Not as simple as it looks

The international commentariat may be forgiven for believing new PM Chris Hipkins has relaunched the government rather well. 

First a clever pivot to the centre and now a compassionate and inclusive focus on disaster recovery.

Giving credence to rumours that the key strategic brains agreed and executed a skilful change of direction rather well.

Continue reading “Not as simple as it looks”

Bryce Edwards’ Political Roundup:  Luxon’s leadership under threat

  • Dr Bryce Edwards writes:

The National Party will be desperate to avoid a repeat of the leadership musical chairs of 2020 when they rolled Simon Bridges as leader, replaced him with Todd Muller, only for Muller to step down after 53 days, leading to Judith Collins taking the party into the election.

But National will currently be considering whether a move needs to be made against leader Christopher Luxon, who continues to struggle and stumble. The party must be tempted to replace him with his high-performing deputy, Nicola Willis, who might be better able to take on Prime Minister Chris Hipkins.

Panicked changes of leadership don’t generally project stability and unity to the public. However, proponents of a leadership change in National might well point to Labour changing from Andrew Little to Jacinda Ardern just seven weeks before the 2017 election, which turned out rather well.

Poor polls for National and Luxon

Luxon’s leadership simply isn’t working. He had a good year in 2022. He managed to unify the party, and provided a fresh contrast to Ardern. But that novelty appears to have faded fast, especially now that Ardern has left. Continue reading “Bryce Edwards’ Political Roundup:  Luxon’s leadership under threat”

Bryce Edwards’ Political Roundup: Time for a sober discussion about toxicity and personality in politics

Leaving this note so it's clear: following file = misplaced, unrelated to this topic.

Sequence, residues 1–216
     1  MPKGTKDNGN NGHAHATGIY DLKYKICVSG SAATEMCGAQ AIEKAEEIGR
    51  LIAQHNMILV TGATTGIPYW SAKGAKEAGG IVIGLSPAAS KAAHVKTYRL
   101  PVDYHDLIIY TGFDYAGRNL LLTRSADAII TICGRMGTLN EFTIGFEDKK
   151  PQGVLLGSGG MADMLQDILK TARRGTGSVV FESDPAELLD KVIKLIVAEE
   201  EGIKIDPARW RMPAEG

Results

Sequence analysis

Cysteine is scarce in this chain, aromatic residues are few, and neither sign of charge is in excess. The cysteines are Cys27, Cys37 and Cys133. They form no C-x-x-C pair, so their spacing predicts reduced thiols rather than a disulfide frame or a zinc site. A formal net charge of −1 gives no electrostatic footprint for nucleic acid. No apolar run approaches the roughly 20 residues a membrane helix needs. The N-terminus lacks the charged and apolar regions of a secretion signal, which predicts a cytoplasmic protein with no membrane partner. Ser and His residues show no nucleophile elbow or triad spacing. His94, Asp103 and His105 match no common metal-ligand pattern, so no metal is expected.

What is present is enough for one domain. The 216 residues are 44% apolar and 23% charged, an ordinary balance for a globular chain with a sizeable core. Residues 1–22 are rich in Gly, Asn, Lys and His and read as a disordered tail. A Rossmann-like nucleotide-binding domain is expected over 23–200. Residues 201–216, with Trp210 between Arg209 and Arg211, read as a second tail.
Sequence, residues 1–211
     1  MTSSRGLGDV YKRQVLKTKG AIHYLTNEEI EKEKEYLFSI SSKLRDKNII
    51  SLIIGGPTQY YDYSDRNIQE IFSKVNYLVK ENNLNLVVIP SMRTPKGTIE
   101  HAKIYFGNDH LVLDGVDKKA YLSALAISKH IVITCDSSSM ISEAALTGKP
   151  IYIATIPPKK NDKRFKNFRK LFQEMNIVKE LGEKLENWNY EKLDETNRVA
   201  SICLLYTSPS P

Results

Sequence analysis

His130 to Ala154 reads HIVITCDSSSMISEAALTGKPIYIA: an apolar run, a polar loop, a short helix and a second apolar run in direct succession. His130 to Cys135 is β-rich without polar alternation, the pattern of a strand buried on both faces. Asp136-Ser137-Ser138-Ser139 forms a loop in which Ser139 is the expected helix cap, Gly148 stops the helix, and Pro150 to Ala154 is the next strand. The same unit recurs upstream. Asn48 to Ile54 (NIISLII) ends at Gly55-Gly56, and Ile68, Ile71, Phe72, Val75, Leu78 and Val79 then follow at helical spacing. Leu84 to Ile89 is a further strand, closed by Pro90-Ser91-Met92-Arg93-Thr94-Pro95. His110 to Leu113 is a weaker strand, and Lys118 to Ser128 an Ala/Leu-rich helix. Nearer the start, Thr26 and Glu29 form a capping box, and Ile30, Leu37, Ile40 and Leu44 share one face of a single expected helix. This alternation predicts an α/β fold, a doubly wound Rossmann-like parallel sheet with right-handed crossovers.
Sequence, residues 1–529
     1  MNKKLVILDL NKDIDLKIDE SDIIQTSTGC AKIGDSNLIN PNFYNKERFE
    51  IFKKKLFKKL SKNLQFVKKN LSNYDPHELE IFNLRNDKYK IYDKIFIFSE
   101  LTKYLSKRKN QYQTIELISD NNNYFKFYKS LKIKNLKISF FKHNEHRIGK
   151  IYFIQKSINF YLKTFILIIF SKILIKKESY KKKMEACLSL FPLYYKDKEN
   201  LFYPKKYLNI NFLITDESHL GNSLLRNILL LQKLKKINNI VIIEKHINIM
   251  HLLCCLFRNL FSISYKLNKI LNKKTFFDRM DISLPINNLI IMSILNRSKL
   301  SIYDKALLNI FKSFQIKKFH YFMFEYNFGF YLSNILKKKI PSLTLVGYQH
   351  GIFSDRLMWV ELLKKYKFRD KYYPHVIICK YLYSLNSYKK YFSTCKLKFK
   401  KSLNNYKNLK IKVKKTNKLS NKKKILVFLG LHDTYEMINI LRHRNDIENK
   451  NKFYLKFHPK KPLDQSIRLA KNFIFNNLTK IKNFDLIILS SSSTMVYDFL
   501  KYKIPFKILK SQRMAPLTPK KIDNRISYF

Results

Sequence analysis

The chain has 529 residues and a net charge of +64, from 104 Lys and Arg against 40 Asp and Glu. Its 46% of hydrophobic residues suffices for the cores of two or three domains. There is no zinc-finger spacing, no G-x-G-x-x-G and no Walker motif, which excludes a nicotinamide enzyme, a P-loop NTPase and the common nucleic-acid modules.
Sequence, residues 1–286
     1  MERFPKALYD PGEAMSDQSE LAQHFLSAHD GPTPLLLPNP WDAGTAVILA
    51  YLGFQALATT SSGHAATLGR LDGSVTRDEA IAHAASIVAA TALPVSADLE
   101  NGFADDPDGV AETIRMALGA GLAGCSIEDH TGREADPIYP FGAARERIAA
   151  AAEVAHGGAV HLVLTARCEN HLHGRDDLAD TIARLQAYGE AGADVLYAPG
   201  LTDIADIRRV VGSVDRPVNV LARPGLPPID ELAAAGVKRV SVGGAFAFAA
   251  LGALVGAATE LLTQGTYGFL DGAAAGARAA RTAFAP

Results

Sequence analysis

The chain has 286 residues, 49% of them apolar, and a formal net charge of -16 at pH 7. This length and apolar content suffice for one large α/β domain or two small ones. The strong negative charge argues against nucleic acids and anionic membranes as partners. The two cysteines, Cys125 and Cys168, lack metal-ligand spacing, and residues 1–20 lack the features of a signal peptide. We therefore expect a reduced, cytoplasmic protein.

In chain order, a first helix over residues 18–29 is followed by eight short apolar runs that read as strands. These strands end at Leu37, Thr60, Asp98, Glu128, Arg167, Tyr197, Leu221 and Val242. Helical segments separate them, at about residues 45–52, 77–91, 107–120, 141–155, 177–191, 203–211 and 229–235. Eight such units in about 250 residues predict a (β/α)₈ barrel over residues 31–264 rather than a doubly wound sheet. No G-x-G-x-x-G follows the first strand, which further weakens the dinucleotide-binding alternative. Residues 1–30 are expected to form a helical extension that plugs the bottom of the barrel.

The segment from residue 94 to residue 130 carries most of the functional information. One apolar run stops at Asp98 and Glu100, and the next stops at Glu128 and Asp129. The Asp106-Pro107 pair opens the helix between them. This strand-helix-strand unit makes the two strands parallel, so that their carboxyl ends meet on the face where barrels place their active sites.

• Dr Bryce Edwards writes:

Since her shock resignation announcement, Jacinda Ardern has been at pains to point out that she isn’t leaving because of the toxicity directed at her on social media and elsewhere, rebutting journalists who suggested misogyny and hate may have driven her from office.

Yet there have been dozens of columns and articles, both domestically and internationally, blaming toxic public criticism for Ardern choosing to step down.

Rising toxicity and polarisation

Although some of the claims about Ardern being hounded from office by “deplorables” are questionable, they reflect the reality of rising toxicity and ugliness in New Zealand politics in recent years. And in terms of the hate that has been directed at Ardern, a substantial proportion of this is clearly gendered. Continue reading “Bryce Edwards’ Political Roundup: Time for a sober discussion about toxicity and personality in politics”

Graham Adams: Misogyny, the media and the martyrdom of Jacinda Ardern

A statue of a semi-naked Nick Smith puts the misogyny debate into perspective.  GRAHAM ADAMS writes … 

In the wake of Ardern’s abrupt resignation, the mainstream media are determined to convince us she was hounded from office mainly because she is a woman and had to fall on her sword to escape unrelenting “gendered abuse”.

The fact Ardern has overseen a bonfire of what was a vast store of political capital just two years ago and was facing a resounding defeat at this year’s election has mostly gone unremarked among the flood of columns defending her as the unfortunate victim of trolls and misogynists.